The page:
These recurrent and latent infections are likely caused by failure to eradicate the organism during an initial infection, which could in turn result from a non-replicating or slow-growing persister cell subpopulation that are tolerant to antibiotics. Some studies in other bacteria suggest that persister cells evade antibiotic therapy and/or the immune system either by forming a physical barrier (biofilm) or by developing reversible mutations that switch off the expression of non-essential genes (Percival et al., 2011; Keren et al., 2012; Lewis, 2012). Evidence largely supports that persister cells are metabolically dormant members of a vegetative population of metabolically active cells (reviewed in Wood et al., 2013). Persisters are thought to exist as dormant variants of bacterial cells in a growing population, a state generated by a stochastic process (Lewis, 2010; Mulcahy et al., 2010). Due to their slow or non-existent metabolism, bacterial persisters are tolerant of antibiotic exposure (Gefen and Balaban, 2009; Lewis, 2010), yet are not antibiotic resistant due to mutations. The SOS response (Dörr et al., 2009), genetic mutations (Moyed and Bertrand, 1983; Dörr et al., 2010), and even growth states (Keren et al., 2004a) are known to increase the level of persister cells in a population.

Several studies argue that the persister state is an active stress response of bacterial cells (Nguyen et al., 2011; Khakimova et al., 2013; Orman and Brynildsen, 2013). Perhaps in reality an active stress response is in play that ultimately achieves a persister state typically characterized by low levels of metabolic activity.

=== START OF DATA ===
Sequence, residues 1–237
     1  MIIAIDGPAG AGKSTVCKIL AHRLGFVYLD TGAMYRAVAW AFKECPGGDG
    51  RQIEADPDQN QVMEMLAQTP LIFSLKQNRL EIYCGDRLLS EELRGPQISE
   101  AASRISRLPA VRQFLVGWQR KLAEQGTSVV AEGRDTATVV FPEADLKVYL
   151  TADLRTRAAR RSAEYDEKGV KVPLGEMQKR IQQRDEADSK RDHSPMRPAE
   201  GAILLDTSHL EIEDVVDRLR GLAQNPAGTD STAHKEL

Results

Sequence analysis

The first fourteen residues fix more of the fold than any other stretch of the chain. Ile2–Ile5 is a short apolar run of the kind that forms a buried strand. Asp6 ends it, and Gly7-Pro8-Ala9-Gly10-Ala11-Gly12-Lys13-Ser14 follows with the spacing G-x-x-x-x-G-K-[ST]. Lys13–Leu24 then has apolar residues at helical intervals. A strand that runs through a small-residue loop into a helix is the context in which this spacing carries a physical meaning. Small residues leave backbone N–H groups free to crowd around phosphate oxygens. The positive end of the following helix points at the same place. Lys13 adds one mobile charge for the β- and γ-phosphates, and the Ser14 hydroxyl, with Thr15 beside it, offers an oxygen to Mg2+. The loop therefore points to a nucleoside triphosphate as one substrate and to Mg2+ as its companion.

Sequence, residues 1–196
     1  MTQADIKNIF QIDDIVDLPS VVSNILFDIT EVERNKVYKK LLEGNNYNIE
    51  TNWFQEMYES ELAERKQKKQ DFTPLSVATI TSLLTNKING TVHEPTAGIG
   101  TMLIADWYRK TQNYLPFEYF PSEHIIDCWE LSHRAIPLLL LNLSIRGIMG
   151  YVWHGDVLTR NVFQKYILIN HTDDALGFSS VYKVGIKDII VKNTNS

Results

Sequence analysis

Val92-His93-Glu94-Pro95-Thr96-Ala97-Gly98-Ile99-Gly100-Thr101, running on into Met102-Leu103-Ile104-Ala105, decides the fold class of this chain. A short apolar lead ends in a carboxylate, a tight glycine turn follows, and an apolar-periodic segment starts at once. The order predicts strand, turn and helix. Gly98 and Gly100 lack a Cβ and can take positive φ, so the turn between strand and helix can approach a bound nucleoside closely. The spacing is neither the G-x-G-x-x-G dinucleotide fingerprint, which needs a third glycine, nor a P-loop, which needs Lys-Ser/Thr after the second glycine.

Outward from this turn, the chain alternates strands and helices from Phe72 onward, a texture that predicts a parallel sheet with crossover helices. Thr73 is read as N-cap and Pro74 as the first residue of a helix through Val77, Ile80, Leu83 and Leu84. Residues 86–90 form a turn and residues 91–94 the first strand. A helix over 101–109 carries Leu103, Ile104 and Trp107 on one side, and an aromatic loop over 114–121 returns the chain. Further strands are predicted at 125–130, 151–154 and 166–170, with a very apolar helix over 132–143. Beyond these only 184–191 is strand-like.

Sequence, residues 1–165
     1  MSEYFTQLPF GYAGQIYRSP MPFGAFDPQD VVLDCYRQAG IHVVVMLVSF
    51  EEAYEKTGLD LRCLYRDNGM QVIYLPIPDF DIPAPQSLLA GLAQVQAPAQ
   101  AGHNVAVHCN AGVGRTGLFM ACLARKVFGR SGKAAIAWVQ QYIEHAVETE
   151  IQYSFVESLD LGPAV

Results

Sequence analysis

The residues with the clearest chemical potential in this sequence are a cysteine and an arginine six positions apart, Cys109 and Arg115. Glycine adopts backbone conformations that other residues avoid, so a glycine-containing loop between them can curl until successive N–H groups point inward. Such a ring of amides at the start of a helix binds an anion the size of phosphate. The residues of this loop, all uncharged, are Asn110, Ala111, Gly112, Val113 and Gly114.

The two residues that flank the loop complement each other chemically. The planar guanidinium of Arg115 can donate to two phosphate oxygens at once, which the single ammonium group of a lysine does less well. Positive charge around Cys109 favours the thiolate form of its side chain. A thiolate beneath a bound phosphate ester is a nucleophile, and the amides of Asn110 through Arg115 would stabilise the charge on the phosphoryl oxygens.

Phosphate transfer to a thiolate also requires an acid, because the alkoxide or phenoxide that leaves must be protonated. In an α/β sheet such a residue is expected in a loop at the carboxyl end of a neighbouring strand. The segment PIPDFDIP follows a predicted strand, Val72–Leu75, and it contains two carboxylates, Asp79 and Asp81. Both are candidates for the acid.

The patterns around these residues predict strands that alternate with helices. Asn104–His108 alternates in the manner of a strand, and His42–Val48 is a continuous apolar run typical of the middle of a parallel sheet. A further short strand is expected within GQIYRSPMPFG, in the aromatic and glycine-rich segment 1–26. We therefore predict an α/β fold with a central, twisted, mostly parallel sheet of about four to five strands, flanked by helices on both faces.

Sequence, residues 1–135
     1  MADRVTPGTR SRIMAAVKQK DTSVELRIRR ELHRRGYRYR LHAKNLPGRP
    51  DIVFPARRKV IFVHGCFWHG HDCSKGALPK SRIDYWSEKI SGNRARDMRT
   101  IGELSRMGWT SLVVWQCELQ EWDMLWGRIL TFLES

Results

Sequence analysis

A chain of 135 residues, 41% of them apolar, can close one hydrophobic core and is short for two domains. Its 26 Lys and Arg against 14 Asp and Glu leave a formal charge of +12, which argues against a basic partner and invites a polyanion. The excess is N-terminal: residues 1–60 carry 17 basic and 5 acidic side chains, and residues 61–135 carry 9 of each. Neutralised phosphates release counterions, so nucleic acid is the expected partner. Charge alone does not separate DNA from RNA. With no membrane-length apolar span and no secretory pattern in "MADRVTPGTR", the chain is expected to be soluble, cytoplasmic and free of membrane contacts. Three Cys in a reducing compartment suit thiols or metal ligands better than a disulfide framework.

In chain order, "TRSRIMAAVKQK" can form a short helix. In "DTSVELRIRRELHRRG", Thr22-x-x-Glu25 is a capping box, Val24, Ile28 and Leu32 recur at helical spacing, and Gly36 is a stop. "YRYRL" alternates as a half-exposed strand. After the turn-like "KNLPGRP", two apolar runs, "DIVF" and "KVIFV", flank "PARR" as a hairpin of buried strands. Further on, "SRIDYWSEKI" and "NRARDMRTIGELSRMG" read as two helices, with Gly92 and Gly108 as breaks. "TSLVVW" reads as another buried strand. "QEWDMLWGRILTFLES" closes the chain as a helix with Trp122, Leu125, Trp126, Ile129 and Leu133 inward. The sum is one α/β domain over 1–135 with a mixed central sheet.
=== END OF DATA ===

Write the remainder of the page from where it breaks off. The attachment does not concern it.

In this work we examined the persistence and emergence of tolerance to antimicrobials in several species of Burkholderia and in P. aeruginosa strain PA14. As a way of initiating a study of the regulatory infrastructure of the persister state in B. pseudomallei, we have undertaken experiments to identify environmental stressors that alter the persister fraction in a population of Burkholderia pseudomallei cells. We found that the persister fraction in B. pseudomallei cultures is modulated by environmental factors or an antibiotic challenge, and that they exhibit an extraordinarily high rate of drug tolerant persister cells in response to challenge by severe nutritional deprivation.

Materials and Methods

Bacterial Strains and Culture Conditions